The gunmen who attacked a Parisian newspaper on Wednesday and left at least 12 dead shouted "Allahu Akbar," or "God is great," as they stormed the building, in a manifestation of what was likely the worst fears of European security officials.
While the gunmen's exact affiliation is still not clear, it appears likely they were sympathizers of Islamic extremism. Charlie Hebdo, the newspaper they attacked, has repeatedly published satirical cartoons of the Prophet Mohammed, something forbidden by Islamic law.
Europe as a whole, and France especially, has welcomed in millions of immigrants from Islamic countries in the last few decades. France alone now has an estimated Muslim population as high as 6 million, according to the country's interior ministry, out of a total population of about 66 million.
This has set up a growing tension as the continent's generally liberal values are put into direct contact with the normally conservative views and practices of many of the Muslim émigrés.
CBS News national security analyst Juan Zarate said on "CBS This Morning" that "France has been dealing with the problem of French foreign fighters flowing into Syria and Iraq and coming back into France."
He says it may be more likely, however, that the attack on Charlie Hebdo was carried out by "self-radicalized individuals, individuals who take their prompt from the propaganda of these groups and took it upon themselves, perhaps, to attack."
Zarate pointed to the attack by young French Muslim man Mohamed Merah, who shot up a Jewish community center and also killed three French paratroopers in the country's south in March 2012, as an example of this sort of violence.
"France is not new to this, and the perpetrators could be a wide spectrum of individuals who were inspired to attack fellow French citizens," said Zarate.
In a video released the weekend after Christmas, a French fighter claiming to be with the group in Hassaka, northern Syria, urged fellow Muslims to "blow up France and tear it down to pieces."
In addition to the 2012 attack by Mohamed Merah, a soldier was stabbed in the throat in May of 2013 in the commercial district of La Defense outside Paris in an apparent random attack. He was later discovered to have been undertaking Muslim prayers in surveillance video just ahead of the attack.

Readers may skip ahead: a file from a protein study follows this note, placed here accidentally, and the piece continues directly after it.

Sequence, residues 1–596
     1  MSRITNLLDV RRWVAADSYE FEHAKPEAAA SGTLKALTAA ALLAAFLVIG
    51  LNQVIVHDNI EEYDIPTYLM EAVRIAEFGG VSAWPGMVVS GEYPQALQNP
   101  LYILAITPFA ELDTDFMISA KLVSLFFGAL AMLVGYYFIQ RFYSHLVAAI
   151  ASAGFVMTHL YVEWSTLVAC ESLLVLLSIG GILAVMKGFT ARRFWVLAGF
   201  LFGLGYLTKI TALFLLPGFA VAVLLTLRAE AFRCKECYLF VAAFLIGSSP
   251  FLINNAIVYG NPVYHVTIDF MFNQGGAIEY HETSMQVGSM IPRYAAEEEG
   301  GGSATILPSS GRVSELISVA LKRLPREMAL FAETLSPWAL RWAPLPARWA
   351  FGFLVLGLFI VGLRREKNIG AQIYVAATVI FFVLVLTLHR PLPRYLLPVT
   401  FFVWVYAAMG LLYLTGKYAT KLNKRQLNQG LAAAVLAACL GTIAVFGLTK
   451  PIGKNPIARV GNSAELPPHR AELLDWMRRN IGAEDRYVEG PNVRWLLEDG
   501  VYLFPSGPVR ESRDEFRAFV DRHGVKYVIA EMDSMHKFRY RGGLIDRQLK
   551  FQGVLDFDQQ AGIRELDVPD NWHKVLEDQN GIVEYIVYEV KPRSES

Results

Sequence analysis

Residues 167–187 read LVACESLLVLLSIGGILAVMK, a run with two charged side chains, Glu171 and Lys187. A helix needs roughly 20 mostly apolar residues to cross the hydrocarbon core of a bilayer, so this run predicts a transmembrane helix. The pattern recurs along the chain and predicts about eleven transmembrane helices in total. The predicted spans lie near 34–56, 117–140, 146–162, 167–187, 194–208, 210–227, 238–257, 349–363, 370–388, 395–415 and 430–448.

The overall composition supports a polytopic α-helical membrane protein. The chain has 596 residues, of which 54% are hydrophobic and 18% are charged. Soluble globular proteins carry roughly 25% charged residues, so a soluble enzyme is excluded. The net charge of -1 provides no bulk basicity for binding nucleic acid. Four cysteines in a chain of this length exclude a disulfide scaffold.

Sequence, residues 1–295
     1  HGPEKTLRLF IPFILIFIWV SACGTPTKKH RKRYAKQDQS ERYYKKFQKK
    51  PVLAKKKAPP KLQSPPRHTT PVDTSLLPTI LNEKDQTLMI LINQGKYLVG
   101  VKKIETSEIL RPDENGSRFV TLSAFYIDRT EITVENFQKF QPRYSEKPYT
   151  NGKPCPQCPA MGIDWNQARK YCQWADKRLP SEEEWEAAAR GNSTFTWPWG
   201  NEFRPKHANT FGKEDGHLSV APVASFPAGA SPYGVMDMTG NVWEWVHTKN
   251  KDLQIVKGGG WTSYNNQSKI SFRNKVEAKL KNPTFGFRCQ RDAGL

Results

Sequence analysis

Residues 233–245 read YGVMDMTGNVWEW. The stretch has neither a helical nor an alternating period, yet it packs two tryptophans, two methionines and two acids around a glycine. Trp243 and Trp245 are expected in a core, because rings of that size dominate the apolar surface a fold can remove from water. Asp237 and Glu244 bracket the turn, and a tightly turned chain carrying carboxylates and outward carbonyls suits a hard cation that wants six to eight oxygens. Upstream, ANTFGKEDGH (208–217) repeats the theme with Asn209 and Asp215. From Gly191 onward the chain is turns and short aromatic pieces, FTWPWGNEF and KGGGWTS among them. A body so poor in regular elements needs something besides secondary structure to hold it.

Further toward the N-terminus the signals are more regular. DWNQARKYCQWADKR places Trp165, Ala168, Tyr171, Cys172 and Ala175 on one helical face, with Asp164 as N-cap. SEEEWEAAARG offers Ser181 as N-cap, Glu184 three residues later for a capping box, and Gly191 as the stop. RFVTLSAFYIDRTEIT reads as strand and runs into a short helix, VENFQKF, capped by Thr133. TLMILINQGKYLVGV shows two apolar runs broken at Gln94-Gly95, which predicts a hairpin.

Just last month, there were two separate instances of drivers ramming their cars into crowds, which further raised fears of homegrown extremism.
There was no immediate claim of responsibility for the recent attack in Paris, but security officials across Europe have expressed concern for months that the hundreds of mostly young men who have traveled to Syria and Iraq to fight with jihadist groups could return to try and stage attacks at home.
Charlie Hebdo's office was firebombed in 2011 after publishing a cartoon depicting an image of the Prophet Muhammad. Any depiction of the prophet is forbidden by Islam.
Ignoring the attack and the threat of further violence, Charlie Hebdo published more Muhammad pictures the following year.
Foreign Minister Laurent Fabius likened the act of doing so to "pouring oil on the fire."
Charlie Hebdo publisher Stephane Charbonnier said in response the responsibility for any potential ensuing violence over the cartoons are not his fault, but are instead the fault of the people committing the violence. He claimed no responsibility for their actions.
"The accusation that we are pouring oil on the flames in the current situation really gets on my nerves," Charbonnier said, according to Der Spiegel. "After the publication of this absurd and grotesque film about Muhammad in the U.S., other newspapers have responded to the protests with cover stories. We are doing the same thing, but with drawings. And a drawing has never killed anyone."
While Charbonnier has tried to shift blame, the Muslim world at large has violently railed against the ongoing satirization of the Prophet Mohammed and other aspects of Islam.
"The motive here is absolutely clear; trying to shut down a media organization that lampooned the Prophet Mohammad," CBS News security consultant and former CIA deputy chief Mike Morell told "CBS This Morning co-host Charlie Rose. "What we have to figure out here is the perpetrators and whether they were self-radicalized or whether they were individuals who fought in Syria and Iraq and came back, or whether they were actually directed by ISIS or al Qaeda."
Morrell added a warning that law enforcement and intelligence agencies would need to "worry about copycat attacks, not only in France but in the rest of the world, and I would even say in the broader world to include the United States."
The fear of lone-wolf style attacks, or of individuals or small groups inspired by the violent decrees of al Qaeda and the Islamic State of Iraq and Syria, has spread across much of the Western world.
In May of 2013, an al Qaeda-inspired extremist stabbed to death a British soldier on the streets of London.
In October, a gunman shot and killed a soldier at Canada's national war memorial and then stormed Parliament before being gunned down. He talked about his conservative Muslim religious beliefs in a video before the attack.
In December, a gunman took numerous hostages at a downtown cafe in Sydney in the middle of the day, forcing some of them to hold a black Jihadist flag against the window during the siege. Two hostages were killed by the gunman, who himself was shot to death when police raided the cafe.